Civilian casualties in Afghanistan reached record level highs in the first half of 2021, as U.S. and coalition forces began withdrawing from the war-torn nation, according to a United Nations report released on Monday.
A major spike in casualties started in May, when the withdrawal began in earnest and the Islamist Taliban made advances to seize more territory, the report said.
The report found a 47% increase in the number of civilians killed and injured across Afghanistan in the first six months of this year, compared to the same period in 2020.
There were 2,392 civilian casualties recorded in May and June, almost as high as the combined total of 2,791 from the four previous months. The major jump in casualties was around the same time international troops began to leave the country and the Taliban stepped up their military operations.
“I implore the Taliban and Afghan leaders to take heed of the conflict’s grim and chilling trajectory and its devastating impact on civilians,” said Deborah Lyons, the U.N. secretary-general’s special representative for Afghanistan, in a statement accompanying the report.
“The report provides a clear warning that unprecedented numbers of Afghan civilians will perish and be maimed this year if the increasing violence is not stemmed,” Lyons added.
Taliban spokesperson Zabihullah Mujahid rejected the findings of the report in a statement on Monday, calling them “biased and untrue.” The Afghan Security and Defense Forces also rejected the report in a press conference on Monday, according to CNN.
The report comes as the Biden administration nears the end of its withdrawal of U.S. forces from Afghanistan, and as the Taliban makes stunning advances on rural provinces in the war-torn country.
While most of the report’s recorded casualties occurred outside of cities in Afghanistan, the number of dead and wounded is likely to climb as the Taliban’s attacks move into urban areas, according to the report.
The report also said that 32% of the casualties were children and 14% were women, both record highs.
For the first time, no casualties were attributed to international military action during the first half of 2021, according to the report. Instead, the violence has “taken on a distinctly Afghan fighting Afghan character.”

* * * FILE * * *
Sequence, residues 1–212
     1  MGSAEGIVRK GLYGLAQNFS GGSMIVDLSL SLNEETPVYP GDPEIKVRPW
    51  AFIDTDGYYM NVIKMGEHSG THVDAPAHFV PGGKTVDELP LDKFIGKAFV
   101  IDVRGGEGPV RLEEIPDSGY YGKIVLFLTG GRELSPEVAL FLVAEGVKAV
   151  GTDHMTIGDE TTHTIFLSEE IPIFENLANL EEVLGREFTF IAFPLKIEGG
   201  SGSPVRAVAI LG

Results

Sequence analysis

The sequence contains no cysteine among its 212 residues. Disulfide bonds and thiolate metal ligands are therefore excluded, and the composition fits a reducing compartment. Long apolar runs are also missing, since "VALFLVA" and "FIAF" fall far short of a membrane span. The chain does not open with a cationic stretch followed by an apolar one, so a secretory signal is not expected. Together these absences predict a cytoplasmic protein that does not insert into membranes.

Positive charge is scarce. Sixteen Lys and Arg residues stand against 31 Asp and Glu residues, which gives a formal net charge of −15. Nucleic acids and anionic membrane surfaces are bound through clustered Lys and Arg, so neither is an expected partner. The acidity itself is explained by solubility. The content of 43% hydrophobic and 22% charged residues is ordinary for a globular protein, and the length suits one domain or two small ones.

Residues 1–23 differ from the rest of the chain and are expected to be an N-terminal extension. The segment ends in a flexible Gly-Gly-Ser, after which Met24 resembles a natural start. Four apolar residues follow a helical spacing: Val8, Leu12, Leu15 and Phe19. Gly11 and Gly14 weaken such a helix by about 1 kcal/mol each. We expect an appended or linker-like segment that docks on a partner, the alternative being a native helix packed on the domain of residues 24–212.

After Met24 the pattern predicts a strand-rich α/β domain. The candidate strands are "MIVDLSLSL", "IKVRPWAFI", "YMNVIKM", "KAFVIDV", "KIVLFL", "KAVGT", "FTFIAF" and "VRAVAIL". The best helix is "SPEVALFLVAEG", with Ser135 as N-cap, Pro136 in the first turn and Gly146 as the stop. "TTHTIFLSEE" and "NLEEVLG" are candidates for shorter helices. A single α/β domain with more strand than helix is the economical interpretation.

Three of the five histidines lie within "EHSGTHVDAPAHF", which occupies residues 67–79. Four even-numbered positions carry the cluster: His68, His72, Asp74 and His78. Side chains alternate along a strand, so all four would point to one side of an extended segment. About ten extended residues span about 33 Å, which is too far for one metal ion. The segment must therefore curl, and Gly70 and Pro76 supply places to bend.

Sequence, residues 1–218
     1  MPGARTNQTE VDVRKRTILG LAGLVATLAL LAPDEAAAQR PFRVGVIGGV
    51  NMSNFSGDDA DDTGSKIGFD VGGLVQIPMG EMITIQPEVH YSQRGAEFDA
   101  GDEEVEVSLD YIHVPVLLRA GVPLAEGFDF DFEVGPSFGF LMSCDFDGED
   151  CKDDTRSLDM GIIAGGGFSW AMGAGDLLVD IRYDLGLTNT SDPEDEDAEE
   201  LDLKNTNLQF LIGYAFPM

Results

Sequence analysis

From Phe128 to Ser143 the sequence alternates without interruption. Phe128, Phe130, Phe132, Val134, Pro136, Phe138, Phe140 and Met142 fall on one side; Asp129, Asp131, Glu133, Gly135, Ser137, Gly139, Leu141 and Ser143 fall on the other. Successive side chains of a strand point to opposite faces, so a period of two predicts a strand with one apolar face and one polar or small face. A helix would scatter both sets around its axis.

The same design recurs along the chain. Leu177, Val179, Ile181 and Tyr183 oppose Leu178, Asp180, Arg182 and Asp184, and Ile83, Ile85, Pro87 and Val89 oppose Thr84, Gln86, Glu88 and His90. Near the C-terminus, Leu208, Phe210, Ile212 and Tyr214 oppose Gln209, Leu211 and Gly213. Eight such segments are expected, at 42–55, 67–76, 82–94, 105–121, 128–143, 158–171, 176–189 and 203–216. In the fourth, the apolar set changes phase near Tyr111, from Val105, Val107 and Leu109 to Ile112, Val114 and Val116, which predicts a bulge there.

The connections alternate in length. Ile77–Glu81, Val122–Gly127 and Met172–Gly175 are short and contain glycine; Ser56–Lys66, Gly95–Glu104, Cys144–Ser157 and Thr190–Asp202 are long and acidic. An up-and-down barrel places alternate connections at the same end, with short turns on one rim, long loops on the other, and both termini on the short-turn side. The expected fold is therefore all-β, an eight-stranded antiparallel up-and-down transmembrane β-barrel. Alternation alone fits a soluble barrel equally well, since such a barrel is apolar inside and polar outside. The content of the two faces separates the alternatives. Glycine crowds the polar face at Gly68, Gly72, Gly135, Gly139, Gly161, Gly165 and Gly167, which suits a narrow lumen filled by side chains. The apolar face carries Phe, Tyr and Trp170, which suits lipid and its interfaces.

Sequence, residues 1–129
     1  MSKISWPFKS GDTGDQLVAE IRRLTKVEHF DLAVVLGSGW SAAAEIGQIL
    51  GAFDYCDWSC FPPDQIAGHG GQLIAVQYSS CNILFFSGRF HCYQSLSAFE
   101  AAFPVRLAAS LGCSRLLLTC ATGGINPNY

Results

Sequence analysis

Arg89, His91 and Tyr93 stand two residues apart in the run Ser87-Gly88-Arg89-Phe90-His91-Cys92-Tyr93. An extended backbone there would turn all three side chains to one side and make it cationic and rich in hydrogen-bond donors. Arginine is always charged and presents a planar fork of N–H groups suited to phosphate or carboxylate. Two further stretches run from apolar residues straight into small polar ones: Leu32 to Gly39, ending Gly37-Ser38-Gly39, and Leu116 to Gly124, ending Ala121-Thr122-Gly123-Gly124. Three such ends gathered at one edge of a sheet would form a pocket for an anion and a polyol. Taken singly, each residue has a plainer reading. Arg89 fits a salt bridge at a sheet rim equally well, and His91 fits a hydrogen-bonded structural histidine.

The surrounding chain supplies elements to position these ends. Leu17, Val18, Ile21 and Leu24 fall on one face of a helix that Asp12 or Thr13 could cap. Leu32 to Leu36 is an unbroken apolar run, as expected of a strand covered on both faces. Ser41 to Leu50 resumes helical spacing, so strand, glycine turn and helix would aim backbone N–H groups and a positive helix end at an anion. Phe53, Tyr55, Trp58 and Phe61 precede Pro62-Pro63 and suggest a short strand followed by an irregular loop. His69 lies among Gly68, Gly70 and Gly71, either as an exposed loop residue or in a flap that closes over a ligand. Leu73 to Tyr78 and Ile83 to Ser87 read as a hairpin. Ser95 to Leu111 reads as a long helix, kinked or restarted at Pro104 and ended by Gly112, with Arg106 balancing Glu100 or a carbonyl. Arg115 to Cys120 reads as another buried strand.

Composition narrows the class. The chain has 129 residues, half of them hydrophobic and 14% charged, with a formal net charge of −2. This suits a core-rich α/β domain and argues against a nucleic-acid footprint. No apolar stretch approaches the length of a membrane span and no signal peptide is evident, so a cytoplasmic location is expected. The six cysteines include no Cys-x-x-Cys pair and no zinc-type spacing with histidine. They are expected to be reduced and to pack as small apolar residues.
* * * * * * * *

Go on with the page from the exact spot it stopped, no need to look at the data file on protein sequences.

Anti-government forces were responsible for 64% of civilian casualties, according to the report. This includes 39% of casualties that were attributed to the Taliban, 9% attributed to the Islamic State and 16% attributed to undetermined, non-state actors.
Meanwhile, pro-government forces were responsible for 25% of civilian casualties, with 23% attributed to Afghan security forces and 2% attributed to pro-government armed groups, the report said.
The main cause of civilian casualties was improvised explosive devices by opposition forces, followed by ground engagements between parties, targeted killings by non-state groups and airstrikes by the Afghan Air Force, according to the report.
Lyons urged Taliban and Afghan leaders to find a way to end the violence.
“Stop the Afghan-against-Afghan fighting. Protect the Afghan people and give them hope for a better future,” she said in the statement.
In April, Biden announced a full withdrawal of approximately 3,000 U.S. troops from Afghanistan by Sept. 11, effectively ending America’s longest war.
The report noted that the U.S. and NATO withdrawal from the country is more than 95% complete and is set to finish by August 31.
Until the withdrawal is finished, the U.S. continues to support Afghan forces with combat aircraft. On Thursday, the U.S. launched overnight airstrikes against Taliban targets.
The Biden administration is also moving forward with plans to evacuate Afghans who aided the U.S. and NATO coalition forces during the war. Thousands of them are waiting for approvals for their special immigrant visa applications and may face retribution from the Taliban for their roles in the war.
The U.S. is working with allies to secure several overseas locations for approximately 4,000 Afghan nationals and their families to relocate while their applications are processed.
CNBC’s Amanda Macias contributed to this article.